Most clinical teaching takes place in the context of busy practice, with time at a premium. Many studies have shown that a disproportionate amount of time in teaching sessions may be spent on regurgitation of facts, with relatively little on checking, probing, and developing understanding. Models for using time more effectively and efficiently and integrating teaching into day to day routines have been described. One such, the “one-minute preceptor,” comprises a series of steps, each of which involves an easily performed task, which when combined form an integrated teaching strategy.
Teaching on the wards
Despite a long and worthy tradition, the hospital ward is not an ideal teaching venue. None the less, with preparation and forethought, learning opportunities can be maximised with minimal disruption to staff, patients, and their relatives.
Approaches include teaching on ward rounds (either dedicated teaching rounds or during “business” rounds); students seeing patients on their own (or in pairs—students can learn a lot from each other) then reporting back, with or without a follow up visit to the bedside for further discussion; and shadowing, when learning will inevitably be more opportunistic.
Key issues are careful selection of patients; ensuring ward staff know what's happening; briefing patients as well as students; using a side room (rather than the bedside) for discussions about patients; and ensuring that all relevant information (such as records and x ray films) is available.
Teaching in the clinic
Although teaching during consultations is organisationally appealing and minimally disruptive, it is limited in what it can achieve if students remain passive observers.
Teaching during consultations has been much criticised for not actively involving learners
With relatively little impact on the running of a clinic, students can participate more actively. For example, they can beasked to make specific observations, write down thoughts about differential diagnosis or further tests, or note any questions—for discussion between patients. A more active approach is “hot seating.” Here, the student leads the consultation, or part of it. His or her findings can be checked with the patient, and discussion and feedback can take place during or after the encounter. Students, although daunted, find this rewarding. A third model is when a student sees a patient alone in a separate room, and is then joined by the tutor. The student then presents their findings, and discussion follows. A limitation is that the teacher does not see the student in action. It also inevitably slows the clinic down, although not as much as might be expected. In an ideal world it would always be sensible to block out time in a clinic to accommodate teaching.
The patient's role
Sir William Osler's dictum that “it is a safe rule to have no teaching without a patient for a text, and the best teaching is that taught by the patient himself” is well known. The importance of learning from the patient has been repeatedly emphasised. For example, generations of students have been exhorted to “listen to the patient—he is telling you the diagnosis.” Traditionally, however, a patient's role has been essentially passive, the patient acting as interesting teaching material, often no more than a medium through which the teacher teaches. As well as being potentially disrespectful, this is a wasted opportunity. Not only can patients tell their stories and show physical signs, but they can also give deeper and broader insights into their problems. Finally, they can give feedback to both learners and teacher. Through their interactions with patients, clinical teachers—knowingly or unknowingly—have a powerful influence on learners as role models.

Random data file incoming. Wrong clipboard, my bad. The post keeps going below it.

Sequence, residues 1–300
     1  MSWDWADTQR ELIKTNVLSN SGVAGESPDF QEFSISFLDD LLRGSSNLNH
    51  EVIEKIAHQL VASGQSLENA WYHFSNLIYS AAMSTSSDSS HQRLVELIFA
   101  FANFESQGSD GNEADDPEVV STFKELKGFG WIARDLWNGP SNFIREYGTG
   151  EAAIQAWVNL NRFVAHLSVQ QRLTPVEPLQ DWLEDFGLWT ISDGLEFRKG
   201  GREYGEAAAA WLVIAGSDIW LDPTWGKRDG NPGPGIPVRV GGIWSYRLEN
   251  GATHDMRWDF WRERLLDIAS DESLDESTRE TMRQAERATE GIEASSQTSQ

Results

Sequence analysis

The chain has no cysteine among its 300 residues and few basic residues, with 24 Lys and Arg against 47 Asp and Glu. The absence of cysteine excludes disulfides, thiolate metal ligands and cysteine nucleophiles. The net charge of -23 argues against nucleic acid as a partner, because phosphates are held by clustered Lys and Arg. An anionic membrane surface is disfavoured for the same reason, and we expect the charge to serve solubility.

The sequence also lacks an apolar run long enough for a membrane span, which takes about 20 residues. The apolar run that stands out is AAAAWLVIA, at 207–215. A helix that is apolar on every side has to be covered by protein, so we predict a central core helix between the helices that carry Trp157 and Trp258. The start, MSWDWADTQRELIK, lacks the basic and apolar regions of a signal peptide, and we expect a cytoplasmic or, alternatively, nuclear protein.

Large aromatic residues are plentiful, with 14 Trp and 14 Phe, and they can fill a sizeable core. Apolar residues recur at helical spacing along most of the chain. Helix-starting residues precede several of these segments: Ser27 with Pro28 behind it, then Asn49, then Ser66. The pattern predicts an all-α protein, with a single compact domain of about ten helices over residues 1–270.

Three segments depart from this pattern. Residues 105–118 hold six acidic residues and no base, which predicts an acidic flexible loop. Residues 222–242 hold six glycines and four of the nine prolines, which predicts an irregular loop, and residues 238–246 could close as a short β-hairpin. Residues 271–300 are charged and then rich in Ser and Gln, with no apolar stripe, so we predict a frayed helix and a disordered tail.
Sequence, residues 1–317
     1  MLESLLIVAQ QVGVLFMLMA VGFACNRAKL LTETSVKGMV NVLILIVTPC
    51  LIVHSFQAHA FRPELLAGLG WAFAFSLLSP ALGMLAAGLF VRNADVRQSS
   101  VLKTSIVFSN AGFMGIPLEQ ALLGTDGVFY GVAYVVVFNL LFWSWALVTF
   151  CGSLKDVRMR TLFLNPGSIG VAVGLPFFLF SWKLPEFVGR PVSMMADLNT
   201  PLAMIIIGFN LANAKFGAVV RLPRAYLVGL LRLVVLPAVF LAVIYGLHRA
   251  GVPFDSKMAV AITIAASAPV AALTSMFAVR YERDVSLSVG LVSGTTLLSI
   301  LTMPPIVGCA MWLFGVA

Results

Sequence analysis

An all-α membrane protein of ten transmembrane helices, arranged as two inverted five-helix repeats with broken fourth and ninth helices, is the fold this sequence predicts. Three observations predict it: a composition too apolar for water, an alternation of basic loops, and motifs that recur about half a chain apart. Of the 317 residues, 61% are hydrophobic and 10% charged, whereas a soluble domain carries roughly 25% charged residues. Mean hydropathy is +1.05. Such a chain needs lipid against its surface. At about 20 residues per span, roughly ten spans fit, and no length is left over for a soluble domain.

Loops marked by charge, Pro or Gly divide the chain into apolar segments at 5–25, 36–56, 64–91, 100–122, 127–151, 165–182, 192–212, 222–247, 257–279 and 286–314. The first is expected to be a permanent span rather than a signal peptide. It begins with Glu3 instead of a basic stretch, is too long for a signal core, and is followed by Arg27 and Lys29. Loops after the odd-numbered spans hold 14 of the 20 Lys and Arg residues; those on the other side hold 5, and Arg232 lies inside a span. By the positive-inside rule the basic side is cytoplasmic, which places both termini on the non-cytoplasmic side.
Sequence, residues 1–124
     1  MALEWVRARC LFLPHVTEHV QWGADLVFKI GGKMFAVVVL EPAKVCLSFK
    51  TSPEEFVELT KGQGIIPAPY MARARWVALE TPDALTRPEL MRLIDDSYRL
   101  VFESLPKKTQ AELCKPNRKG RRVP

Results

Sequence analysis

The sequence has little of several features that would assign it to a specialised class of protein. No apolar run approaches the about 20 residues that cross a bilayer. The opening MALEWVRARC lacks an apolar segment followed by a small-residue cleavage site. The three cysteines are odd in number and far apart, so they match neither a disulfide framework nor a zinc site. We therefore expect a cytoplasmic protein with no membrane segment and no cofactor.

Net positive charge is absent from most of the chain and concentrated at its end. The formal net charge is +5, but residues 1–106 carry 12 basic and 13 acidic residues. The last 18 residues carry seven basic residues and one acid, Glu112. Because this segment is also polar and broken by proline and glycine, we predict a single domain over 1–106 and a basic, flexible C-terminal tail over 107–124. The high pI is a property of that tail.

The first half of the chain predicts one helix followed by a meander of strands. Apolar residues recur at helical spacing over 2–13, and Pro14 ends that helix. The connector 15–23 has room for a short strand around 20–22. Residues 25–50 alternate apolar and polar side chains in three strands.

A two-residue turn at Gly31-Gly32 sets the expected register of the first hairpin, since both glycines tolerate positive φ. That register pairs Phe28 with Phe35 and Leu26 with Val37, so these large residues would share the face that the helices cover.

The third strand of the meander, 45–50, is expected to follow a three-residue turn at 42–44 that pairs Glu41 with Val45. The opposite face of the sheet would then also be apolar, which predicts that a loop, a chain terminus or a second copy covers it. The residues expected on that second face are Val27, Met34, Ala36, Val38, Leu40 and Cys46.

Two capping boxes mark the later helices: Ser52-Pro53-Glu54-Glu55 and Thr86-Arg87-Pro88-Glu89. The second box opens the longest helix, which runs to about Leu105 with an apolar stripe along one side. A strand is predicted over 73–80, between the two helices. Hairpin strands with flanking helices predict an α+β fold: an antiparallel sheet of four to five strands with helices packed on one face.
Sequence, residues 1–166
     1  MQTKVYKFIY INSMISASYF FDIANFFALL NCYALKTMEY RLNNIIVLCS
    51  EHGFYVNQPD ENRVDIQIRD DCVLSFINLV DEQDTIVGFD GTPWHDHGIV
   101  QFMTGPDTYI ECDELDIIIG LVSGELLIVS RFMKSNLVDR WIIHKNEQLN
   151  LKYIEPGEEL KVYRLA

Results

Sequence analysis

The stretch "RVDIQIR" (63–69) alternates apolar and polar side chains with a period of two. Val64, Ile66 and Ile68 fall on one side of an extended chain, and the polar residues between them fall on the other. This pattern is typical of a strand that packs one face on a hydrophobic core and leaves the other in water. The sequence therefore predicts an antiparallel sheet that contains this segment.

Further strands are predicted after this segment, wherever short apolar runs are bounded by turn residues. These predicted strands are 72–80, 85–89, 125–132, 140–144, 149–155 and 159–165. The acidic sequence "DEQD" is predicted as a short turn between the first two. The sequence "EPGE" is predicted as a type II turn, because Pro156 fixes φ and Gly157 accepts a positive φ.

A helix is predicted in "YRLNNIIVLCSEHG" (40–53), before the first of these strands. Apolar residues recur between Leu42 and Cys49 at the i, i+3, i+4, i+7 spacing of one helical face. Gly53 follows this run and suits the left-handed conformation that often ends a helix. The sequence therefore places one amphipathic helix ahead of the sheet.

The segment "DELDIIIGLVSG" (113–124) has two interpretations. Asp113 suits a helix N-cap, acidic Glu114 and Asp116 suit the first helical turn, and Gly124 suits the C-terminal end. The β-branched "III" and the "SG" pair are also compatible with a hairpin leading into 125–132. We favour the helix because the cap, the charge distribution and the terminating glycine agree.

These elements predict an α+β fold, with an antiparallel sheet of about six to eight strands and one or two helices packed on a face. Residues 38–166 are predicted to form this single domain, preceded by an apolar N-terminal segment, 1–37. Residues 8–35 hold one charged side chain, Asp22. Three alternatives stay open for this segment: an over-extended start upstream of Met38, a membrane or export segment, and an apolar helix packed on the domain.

Working effectively and ethically with patients
Think carefully about which parts of the teaching session require direct patient contact—is it necessary to have a discussion at the bedside?
Always obtain consent from patients before the students arrive
Ensure that students respect the confidentiality of all information relating to the patient, verbal or written
Brief the patient before the session—purpose of the teaching session, level of students' experience, how the patient is expected to participate
If appropriate, involve the patient in the teaching as much as possible
Ask the patient for feedback—about communication and clinical skills, attitudes, and bedside manner
Debrief the patient after the session—they may have questions, or sensitive issues may have been raised
Drs Gabrielle Greveson and Gail Young gave helpful feedback on early drafts.
John Spencer is a general practitioner and professor of medical education in primary health care at the University of Newcastle upon Tyne.
The ABC of learning and teaching in medicine is edited by Peter Cantillon, senior lecturer in medical informatics and medical education, National University of Ireland, Galway, Republic of Ireland; Linda Hutchinson, director of education and workforce development and consultant paediatrician, University Hospital Lewisham; and Diana F Wood, deputy dean for education and consultant endocrinologist, Barts and the London, Queen Mary's School of Medicine and Dentistry, Queen Mary, University of London. The series will be published as a book in late spring.